Inherited: An inherited trait is one that is genetically passed down through egg and sperm. Inherited traits are passed from parent to offspring according to the rules of Mendelian genetics. Many traits are not strictly determined by genes, but rather are influenced by both genes and environment

Microbiome: The microbiome is all of the genetic material found within an individual microbe such as a bacterium, fungal cell, or virus.

Molecular Profiling: Tumor molecular profiling is a process of analyzing and evaluating the expression of multiple genes and molecular structures within a tumor (ex DNA, RNA, proteins) in order to further characterize a tumor for the purpose of optimizing the prognosis, treatment and management of cancer.

Mutation: A mutation is a change in a DNA sequence that leads to protein loss or dysfunction. Mutations can be inherited but typically result from aging or exposures to some types of chemicals, radiation and viruses. Germ line mutations occur in the eggs and sperm and can be passed on to offspring, while somatic mutations occur in body cells and are not passed on.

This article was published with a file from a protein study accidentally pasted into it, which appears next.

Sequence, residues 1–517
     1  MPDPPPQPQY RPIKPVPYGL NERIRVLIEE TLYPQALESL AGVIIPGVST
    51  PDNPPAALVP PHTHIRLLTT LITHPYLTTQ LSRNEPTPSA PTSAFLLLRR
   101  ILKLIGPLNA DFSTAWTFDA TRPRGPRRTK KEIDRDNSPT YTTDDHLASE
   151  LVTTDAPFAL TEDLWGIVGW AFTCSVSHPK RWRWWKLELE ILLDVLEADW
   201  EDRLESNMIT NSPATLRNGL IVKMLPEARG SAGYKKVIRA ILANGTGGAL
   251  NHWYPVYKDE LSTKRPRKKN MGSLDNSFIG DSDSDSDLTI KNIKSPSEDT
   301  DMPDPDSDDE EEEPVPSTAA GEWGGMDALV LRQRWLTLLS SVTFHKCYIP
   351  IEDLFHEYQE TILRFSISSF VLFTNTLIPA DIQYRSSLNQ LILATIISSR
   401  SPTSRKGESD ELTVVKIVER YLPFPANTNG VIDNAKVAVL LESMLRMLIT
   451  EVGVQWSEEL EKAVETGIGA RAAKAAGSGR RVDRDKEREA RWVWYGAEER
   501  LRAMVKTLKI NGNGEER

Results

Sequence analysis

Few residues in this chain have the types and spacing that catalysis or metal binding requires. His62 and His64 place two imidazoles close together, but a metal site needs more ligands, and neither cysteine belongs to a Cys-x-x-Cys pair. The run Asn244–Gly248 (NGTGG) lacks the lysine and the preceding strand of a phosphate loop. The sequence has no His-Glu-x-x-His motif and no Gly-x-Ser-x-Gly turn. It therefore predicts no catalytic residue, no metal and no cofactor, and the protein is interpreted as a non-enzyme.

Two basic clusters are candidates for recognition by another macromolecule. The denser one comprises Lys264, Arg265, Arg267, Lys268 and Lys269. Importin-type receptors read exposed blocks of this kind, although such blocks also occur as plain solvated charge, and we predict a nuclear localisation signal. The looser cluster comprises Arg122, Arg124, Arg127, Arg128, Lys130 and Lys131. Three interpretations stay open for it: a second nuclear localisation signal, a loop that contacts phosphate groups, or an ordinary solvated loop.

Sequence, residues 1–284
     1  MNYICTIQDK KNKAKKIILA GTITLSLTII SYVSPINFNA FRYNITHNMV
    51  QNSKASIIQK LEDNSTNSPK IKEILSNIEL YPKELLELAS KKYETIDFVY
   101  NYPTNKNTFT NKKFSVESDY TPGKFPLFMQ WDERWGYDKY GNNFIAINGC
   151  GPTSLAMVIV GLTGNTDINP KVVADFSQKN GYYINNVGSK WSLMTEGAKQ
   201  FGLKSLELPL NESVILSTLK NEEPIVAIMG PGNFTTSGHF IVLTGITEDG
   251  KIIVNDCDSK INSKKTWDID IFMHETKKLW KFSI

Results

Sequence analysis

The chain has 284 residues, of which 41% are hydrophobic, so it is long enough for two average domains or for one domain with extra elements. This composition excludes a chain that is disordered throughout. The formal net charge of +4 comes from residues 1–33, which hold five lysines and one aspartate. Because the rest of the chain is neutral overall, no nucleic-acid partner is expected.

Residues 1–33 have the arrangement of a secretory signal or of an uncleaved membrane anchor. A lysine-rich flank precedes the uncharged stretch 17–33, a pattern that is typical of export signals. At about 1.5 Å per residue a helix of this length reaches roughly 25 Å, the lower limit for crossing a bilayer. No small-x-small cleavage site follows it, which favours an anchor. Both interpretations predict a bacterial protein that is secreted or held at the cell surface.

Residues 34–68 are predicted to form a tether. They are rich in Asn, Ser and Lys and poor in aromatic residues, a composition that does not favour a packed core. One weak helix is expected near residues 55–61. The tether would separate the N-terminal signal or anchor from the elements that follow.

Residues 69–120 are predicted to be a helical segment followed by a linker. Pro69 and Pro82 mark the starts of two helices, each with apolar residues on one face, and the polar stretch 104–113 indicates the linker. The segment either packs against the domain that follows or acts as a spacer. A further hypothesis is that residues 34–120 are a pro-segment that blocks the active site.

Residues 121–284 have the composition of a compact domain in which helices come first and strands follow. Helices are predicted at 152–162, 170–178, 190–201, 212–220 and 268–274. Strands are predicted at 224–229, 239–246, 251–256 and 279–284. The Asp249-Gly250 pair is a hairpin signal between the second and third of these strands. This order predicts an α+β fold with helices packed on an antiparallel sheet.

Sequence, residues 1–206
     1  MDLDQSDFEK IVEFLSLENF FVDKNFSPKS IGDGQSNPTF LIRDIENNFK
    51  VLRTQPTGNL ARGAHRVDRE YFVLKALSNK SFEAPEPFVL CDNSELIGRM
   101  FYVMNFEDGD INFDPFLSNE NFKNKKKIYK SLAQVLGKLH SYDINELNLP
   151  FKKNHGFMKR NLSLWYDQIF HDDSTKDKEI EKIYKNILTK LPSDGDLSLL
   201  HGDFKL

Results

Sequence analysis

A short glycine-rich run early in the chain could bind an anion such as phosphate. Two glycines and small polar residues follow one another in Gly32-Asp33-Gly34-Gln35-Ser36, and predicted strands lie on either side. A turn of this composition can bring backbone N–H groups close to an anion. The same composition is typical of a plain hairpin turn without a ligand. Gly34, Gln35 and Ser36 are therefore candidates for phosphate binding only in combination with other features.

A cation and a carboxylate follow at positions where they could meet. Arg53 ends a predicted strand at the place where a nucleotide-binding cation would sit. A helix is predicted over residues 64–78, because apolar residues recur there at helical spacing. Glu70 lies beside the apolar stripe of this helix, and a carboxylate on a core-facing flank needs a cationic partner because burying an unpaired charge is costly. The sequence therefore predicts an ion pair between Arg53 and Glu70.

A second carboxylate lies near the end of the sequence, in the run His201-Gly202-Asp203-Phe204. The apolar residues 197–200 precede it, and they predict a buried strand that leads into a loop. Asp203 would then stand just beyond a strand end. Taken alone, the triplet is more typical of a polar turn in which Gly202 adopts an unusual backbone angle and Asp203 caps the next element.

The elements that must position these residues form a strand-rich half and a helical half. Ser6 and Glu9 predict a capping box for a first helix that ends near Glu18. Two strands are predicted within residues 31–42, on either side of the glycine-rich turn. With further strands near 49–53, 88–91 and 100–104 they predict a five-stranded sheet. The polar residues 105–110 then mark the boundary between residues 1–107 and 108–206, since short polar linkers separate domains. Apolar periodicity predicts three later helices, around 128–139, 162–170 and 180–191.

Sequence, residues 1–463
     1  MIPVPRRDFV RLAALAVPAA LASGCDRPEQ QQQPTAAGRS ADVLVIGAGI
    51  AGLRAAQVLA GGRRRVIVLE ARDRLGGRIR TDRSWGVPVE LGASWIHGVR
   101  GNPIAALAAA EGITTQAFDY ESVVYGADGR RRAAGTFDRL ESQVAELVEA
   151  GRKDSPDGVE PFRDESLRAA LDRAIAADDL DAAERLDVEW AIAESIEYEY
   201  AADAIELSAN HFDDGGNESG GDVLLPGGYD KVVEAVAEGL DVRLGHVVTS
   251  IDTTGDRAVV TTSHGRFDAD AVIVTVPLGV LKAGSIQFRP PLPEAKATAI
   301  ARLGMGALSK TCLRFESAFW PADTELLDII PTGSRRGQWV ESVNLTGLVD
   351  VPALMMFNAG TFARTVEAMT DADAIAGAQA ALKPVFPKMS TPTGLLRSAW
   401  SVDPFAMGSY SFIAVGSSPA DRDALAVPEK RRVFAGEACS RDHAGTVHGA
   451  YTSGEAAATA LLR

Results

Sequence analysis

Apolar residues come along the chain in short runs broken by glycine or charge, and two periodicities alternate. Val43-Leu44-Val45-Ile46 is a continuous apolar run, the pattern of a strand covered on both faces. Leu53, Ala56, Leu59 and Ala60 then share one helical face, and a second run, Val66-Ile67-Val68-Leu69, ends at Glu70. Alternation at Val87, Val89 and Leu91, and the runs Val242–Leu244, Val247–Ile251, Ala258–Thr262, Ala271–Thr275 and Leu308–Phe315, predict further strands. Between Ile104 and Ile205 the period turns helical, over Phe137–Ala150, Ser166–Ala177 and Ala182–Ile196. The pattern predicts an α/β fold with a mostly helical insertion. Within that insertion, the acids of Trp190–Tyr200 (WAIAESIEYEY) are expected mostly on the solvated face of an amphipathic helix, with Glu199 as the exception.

Oncogene: An oncogene is a mutated gene that contributes to the development of a cancer. In their normal state, these genes regulate cell growth.

Pedigree: A pedigree is a genetic representation of a family tree that diagrams the inheritance of a trait or disease though several generations. The pedigree shows the relationships between family members and indicates which individuals have developed disease or carry the trait/s in question.

Personalized Medicine: Personalized medicine is a practice of using an individual's genetic profile to guide decisions made in regard to the prevention, diagnosis, and treatment of disease. Knowledge of a patient's genetic profile can help doctors select the proper medication or therapy and administer it using the proper dose or regimen. Personalized medicine is being advanced through data from the Human Genome Project.